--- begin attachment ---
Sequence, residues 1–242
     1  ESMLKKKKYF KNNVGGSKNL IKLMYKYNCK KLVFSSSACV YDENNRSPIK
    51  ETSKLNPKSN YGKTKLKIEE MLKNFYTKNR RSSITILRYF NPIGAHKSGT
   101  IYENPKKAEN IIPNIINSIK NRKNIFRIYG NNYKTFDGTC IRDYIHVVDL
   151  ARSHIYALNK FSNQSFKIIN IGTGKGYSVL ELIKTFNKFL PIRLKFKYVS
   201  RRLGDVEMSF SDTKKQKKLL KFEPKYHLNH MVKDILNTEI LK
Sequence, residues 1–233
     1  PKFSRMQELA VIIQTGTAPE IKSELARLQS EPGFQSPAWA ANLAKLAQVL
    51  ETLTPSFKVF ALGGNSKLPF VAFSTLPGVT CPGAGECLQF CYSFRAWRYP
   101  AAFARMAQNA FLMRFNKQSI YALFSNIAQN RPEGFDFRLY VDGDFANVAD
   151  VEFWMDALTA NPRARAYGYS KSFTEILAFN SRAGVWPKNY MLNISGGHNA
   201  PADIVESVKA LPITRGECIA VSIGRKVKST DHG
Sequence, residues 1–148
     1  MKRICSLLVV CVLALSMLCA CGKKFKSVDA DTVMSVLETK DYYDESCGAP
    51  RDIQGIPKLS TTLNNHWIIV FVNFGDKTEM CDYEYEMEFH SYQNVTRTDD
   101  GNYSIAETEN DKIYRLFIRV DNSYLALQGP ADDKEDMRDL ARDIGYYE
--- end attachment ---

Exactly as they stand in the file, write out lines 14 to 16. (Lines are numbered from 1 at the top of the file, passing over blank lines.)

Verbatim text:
     1  MKRICSLLVV CVLALSMLCA CGKKFKSVDA DTVMSVLETK DYYDESCGAP
    51  RDIQGIPKLS TTLNNHWIIV FVNFGDKTEM CDYEYEMEFH SYQNVTRTDD
   101  GNYSIAETEN DKIYRLFIRV DNSYLALQGP ADDKEDMRDL ARDIGYYE